We used the AoI model to explore this question of the effect of treatment on the epidemiology of AIDS. If we assume that treatment extends the survival time of AIDS patients and has no effect on the rate transmission, then our results are the same as those of Anderson and colleagues (20). Treatment can increase the rate at which persons become HIV-positive and later acquire AIDS. On the other hand, there is every reason to expect that anti-HIV chemotherapy will markedly reduce the density of HIV in serum and strong evidence that transmission rates are directly proportional to the density of HIV in serum. Indeed, the results of an impressive recent study of HIV transmission by Quinn and colleagues (21) suggest that transmission will not occur at all when the viral titers are < 1,500 copies/ml. With successful multidrug HIV therapy, viral titers of that level and lower can be expected and sustained for some time during the course of treatment.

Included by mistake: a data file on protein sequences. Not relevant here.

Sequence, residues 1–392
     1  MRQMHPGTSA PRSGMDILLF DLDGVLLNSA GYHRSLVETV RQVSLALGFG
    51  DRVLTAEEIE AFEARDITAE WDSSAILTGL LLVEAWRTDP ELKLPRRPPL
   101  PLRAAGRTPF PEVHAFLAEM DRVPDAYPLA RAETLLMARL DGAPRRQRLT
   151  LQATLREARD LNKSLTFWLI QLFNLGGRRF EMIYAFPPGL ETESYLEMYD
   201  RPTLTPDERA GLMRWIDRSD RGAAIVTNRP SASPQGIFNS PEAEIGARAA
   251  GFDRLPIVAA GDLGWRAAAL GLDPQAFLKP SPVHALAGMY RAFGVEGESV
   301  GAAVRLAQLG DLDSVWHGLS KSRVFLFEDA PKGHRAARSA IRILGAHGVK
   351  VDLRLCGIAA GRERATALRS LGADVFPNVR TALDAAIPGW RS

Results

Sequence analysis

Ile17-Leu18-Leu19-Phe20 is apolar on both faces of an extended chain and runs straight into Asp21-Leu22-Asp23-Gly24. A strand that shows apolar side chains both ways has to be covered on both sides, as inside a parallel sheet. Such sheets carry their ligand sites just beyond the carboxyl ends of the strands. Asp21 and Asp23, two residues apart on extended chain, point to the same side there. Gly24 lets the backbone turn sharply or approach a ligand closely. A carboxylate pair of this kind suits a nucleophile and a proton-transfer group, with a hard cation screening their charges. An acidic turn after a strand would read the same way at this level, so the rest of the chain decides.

Thus, the question of concern now is—what are the effects of reduced transmission of HIV from treated patients on the epidemiology of HIV/AIDS? To address this question, we used our AoI model to explore the effects of chemotherapy on the fraction of HIV-positive persons (non-AIDS) and persons with AIDS in treated and untreated groups during the epidemic and endemic phases of the disease. We considered a situation in which the overall rate of transmission in untreated hosts is relatively low, R00 = 0, R01 = R02 = R03 = 0.5 when the negative epidemiologic consequences of treatment are anticipated to be most profound (20). We assumed that treatment would extend the time before a person manifests the symptoms of an HIV infection, AIDS, by a factor of three, from 2 to 6 years. Here, parameters for a treated host will be denoted with *; L3 = 104 weeks, L3* = 312 weeks. In one case, we assumed that treatment has no effect on the total number of viruses transmitted by a person with AIDS, but that it reduces the weekly rate of transmission by a factor of three. That is, in the course of the threefold increase in survival time, treated persons would be responsible for as many secondary infections as untreated AIDS patients (R03 = R03*= 0.5). In the second case,we assumed that treatment reduces the overall transmission by persons with AIDS by a factor of two (R03 = 0.5, R03*= 0.25).